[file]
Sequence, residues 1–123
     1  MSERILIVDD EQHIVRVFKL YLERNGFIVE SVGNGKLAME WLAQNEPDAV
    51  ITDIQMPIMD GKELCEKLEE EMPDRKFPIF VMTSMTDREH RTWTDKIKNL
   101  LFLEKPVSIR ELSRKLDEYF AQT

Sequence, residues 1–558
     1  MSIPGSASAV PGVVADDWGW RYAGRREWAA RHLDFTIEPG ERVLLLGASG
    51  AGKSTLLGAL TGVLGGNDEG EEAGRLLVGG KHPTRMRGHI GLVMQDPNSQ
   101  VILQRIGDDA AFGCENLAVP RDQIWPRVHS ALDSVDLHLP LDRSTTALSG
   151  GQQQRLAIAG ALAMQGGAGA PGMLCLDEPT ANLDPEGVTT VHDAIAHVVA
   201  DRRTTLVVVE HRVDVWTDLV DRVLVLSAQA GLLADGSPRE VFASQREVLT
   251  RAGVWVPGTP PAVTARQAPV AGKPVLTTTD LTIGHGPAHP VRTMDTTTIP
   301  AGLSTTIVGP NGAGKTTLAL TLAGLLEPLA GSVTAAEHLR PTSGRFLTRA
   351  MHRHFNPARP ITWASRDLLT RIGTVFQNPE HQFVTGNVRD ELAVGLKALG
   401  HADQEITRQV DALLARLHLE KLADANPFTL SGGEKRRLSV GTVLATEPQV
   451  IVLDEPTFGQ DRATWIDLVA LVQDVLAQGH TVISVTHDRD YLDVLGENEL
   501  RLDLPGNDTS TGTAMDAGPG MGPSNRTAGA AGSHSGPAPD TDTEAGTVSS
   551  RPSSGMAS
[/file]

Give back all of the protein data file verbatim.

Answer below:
Sequence, residues 1–123
     1  MSERILIVDD EQHIVRVFKL YLERNGFIVE SVGNGKLAME WLAQNEPDAV
    51  ITDIQMPIMD GKELCEKLEE EMPDRKFPIF VMTSMTDREH RTWTDKIKNL
   101  LFLEKPVSIR ELSRKLDEYF AQT

Sequence, residues 1–558
     1  MSIPGSASAV PGVVADDWGW RYAGRREWAA RHLDFTIEPG ERVLLLGASG
    51  AGKSTLLGAL TGVLGGNDEG EEAGRLLVGG KHPTRMRGHI GLVMQDPNSQ
   101  VILQRIGDDA AFGCENLAVP RDQIWPRVHS ALDSVDLHLP LDRSTTALSG
   151  GQQQRLAIAG ALAMQGGAGA PGMLCLDEPT ANLDPEGVTT VHDAIAHVVA
   201  DRRTTLVVVE HRVDVWTDLV DRVLVLSAQA GLLADGSPRE VFASQREVLT
   251  RAGVWVPGTP PAVTARQAPV AGKPVLTTTD LTIGHGPAHP VRTMDTTTIP
   301  AGLSTTIVGP NGAGKTTLAL TLAGLLEPLA GSVTAAEHLR PTSGRFLTRA
   351  MHRHFNPARP ITWASRDLLT RIGTVFQNPE HQFVTGNVRD ELAVGLKALG
   401  HADQEITRQV DALLARLHLE KLADANPFTL SGGEKRRLSV GTVLATEPQV
   451  IVLDEPTFGQ DRATWIDLVA LVQDVLAQGH TVISVTHDRD YLDVLGENEL
   501  RLDLPGNDTS TGTAMDAGPG MGPSNRTAGA AGSHSGPAPD TDTEAGTVSS
   551  RPSSGMAS